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Her Fierce Warrior (X-Ops #4)

By:Paige Tyler

Her Fierce Warrior (X-Ops #4)
Paige Tyler


Fort Bragg, North Carolina, May 2000

Angelo Rios slowed down when he got to the gate, and held out his  military dependent ID card for the MP standing guard. The guy barely  glanced at it before giving him a "hooah" and waving him through. Angelo  had been driving his old beater car through the Fort Bragg gates  several times a day ever since he'd gotten his learner's permit two  years ago, when he'd turned sixteen. He knew all the MP and civilian  guards by name and they knew him. Fort Bragg might have thirty thousand  military personnel and three or four times that many civilians, but in a  lot of ways, the base was like one big extended family.

"Hey, Angelo! When do you report?" one of the younger MPs, Private First  Class Spencer, shouted from the traffic lane beside him.

"About three weeks," he yelled out the window as he drove his old Monte  Carlo through the serpentine pattern of concrete barriers placed there  to make sure no one sped through the gate too fast.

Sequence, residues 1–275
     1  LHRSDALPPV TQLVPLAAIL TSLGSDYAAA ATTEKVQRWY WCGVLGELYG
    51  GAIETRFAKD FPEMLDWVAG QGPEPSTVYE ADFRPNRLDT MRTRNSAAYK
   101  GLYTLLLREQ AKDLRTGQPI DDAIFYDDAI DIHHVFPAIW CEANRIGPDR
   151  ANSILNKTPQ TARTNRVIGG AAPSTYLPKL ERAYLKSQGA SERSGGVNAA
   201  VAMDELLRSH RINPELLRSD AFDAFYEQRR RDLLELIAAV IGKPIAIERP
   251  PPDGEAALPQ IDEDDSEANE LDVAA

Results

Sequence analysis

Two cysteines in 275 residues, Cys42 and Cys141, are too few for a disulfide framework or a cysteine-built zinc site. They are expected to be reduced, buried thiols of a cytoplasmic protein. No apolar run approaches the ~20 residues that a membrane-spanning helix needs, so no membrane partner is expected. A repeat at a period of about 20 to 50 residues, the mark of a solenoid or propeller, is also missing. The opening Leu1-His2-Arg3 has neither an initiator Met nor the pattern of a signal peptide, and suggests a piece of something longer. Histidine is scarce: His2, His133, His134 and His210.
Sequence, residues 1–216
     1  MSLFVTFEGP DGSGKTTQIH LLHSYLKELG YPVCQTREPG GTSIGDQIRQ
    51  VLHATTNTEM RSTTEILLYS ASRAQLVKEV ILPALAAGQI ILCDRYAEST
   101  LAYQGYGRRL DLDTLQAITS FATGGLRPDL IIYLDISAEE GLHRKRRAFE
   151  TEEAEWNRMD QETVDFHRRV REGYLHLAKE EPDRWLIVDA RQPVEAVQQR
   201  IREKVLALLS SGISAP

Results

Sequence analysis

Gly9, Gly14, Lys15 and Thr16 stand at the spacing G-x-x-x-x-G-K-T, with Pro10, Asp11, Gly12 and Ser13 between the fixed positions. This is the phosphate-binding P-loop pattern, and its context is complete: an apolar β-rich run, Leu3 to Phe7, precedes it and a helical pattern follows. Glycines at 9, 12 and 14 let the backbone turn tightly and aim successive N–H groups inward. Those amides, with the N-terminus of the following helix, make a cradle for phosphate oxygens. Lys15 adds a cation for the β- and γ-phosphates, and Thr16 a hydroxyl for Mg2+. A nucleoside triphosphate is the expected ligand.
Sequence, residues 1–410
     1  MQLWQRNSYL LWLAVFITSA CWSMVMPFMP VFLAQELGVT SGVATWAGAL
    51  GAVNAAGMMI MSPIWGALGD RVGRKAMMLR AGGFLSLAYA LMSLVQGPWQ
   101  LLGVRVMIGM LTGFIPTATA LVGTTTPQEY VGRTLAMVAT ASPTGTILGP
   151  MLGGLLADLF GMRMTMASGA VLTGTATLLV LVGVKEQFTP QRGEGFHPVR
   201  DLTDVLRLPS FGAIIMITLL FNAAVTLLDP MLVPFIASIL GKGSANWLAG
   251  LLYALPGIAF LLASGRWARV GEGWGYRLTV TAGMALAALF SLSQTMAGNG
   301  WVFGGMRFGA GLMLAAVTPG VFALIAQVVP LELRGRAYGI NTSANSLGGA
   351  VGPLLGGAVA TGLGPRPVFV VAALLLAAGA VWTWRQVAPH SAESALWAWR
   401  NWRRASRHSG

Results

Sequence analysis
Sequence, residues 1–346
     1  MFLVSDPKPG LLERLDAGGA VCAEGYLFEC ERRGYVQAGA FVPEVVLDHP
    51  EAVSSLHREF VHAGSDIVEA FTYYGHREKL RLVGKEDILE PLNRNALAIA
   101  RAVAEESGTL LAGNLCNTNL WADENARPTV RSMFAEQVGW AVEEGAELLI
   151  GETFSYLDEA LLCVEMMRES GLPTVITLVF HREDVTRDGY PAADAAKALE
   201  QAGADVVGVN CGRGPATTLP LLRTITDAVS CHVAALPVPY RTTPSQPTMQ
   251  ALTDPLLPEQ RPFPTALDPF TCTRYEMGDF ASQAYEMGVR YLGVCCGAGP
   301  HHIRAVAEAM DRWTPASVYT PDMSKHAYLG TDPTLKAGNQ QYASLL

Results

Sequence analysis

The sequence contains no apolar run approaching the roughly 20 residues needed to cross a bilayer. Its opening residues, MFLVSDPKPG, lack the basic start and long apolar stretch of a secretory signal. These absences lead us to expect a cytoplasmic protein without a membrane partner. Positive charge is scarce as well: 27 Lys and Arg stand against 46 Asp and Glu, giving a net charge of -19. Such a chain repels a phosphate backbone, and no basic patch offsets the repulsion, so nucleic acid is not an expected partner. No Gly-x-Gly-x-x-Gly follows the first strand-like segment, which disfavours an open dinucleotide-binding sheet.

Angelo grinned as he made a right at the next road and headed toward the  housing area. On an army base, everybody knew everybody's business,  including the fact that he'd be leaving for Basic Training at Fort  Benning soon. He couldn't wait. He'd wanted to be a soldier like his  father ever since he could remember, and now he was finally going to be  able to put on a uniform.

But while his dad was thrilled with his career choice, his mom was a  different story. She absolutely hated the army and everything about it,  especially life at Fort Bragg. Angelo could understand why. His dad had  been deployed almost constantly over the last half-dozen years or so.  Not only did that mean his mom had to take care of the family on her  own, but also that she had to do it while living in terror that  something might happen to his dad.

After twenty years, she thought he was finally getting out, but now his  dad was considering staying in. Angelo didn't blame him. The way his dad  saw it, there weren't a lot of civilian jobs out there for a man who  only knew how to shoot, kill, and blow things up.